Analysis of Why Health Care Information Systems Succeed or Fail by Richard Heeks, David Mundy and Angel Salazar
Discussion of Article
The main issue discussed in this paper is the apparent high rate of failures of information systems initiatives in health care organisations in the private sector and the public sector. The writers contend that while some Health Care Information Systems (HCIS) do succeed, the majority are likely to fail in some way because of conception – reality gaps as described by the ITPOSMO model. The paper attempts to provide an understanding and model of why HCIS succeed or fail, and with general guidance on how to avoid HCIS failure.
The paper argues that the main reason which determines the failure or success is the extent of change between ‘where we are now’ and ‘where the HCIS wants to get us’ or dimension of change Conception—Reality Gaps.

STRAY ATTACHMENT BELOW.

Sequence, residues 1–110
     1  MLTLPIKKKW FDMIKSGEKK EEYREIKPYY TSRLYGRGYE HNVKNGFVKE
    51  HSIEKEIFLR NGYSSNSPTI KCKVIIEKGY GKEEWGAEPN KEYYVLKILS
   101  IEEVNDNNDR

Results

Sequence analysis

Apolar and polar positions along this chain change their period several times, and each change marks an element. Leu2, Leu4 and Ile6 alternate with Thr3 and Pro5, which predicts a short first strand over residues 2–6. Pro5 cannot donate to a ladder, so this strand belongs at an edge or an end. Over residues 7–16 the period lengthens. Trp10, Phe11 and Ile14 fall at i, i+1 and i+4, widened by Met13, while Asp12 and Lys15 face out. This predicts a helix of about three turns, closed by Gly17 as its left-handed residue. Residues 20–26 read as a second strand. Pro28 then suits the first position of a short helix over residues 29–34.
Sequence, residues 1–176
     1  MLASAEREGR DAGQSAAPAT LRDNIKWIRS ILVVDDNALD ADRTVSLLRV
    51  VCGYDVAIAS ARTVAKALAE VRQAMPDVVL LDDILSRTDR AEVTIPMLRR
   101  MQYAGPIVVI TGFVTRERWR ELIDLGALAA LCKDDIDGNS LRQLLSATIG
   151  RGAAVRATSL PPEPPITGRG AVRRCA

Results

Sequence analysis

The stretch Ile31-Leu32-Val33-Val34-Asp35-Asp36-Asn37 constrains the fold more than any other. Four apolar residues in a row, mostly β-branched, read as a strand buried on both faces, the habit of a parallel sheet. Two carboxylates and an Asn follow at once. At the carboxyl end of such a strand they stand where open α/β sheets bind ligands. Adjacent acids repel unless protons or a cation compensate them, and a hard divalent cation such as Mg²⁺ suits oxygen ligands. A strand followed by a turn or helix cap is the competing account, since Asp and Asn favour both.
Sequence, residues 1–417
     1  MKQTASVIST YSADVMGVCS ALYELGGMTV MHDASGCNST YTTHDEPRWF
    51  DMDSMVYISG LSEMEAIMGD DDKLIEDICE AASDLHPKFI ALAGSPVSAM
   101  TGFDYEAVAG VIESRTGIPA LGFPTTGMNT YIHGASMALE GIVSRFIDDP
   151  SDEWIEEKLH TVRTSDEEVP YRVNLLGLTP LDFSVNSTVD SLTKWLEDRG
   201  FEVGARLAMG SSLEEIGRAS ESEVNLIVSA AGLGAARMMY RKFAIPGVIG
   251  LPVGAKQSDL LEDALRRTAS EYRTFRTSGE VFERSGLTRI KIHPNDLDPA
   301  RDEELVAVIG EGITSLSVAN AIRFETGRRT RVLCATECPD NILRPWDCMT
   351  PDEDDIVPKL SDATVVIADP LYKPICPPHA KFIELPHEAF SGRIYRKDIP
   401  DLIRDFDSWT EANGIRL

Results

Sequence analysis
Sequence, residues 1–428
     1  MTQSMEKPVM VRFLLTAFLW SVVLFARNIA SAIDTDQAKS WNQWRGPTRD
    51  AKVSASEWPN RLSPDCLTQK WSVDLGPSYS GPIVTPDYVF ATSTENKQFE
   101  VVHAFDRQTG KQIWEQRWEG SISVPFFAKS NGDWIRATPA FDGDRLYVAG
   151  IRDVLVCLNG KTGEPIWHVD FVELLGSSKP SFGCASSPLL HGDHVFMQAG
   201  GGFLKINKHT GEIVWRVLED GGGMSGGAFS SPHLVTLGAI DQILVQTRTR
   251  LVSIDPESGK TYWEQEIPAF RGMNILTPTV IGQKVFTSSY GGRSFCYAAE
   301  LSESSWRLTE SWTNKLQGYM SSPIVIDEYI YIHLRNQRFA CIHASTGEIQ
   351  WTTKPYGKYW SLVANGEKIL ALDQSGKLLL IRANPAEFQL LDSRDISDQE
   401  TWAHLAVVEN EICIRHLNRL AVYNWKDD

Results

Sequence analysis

To understand this, the paper examines two case studies to analyze gaps that existed between the system’s design conceptions and contextual realities along seven dimensions of Information, Technology, Processes, Objectives and values, Staffing and skills, Management and structures and Other resources such as money and time, described as the ITPOSMO model of conception—reality gaps. The case studies show that where the design of the system either matched the existing realities, or required very little change, the system succeeded in that there was greater acceptance and usage of the system. The opposite occurred where the gap between conception and reality was too great with the result being the abandoning of the system.
Furthermore, the paper then highlights three archetypal conception – reality gaps that can make HCIS failure more likely: •
when health care information systems derived from hard rational models of organisation meet different behavioural reality; •
when HCIS derived from the private sector are transferred to public sector health care organisations; and •
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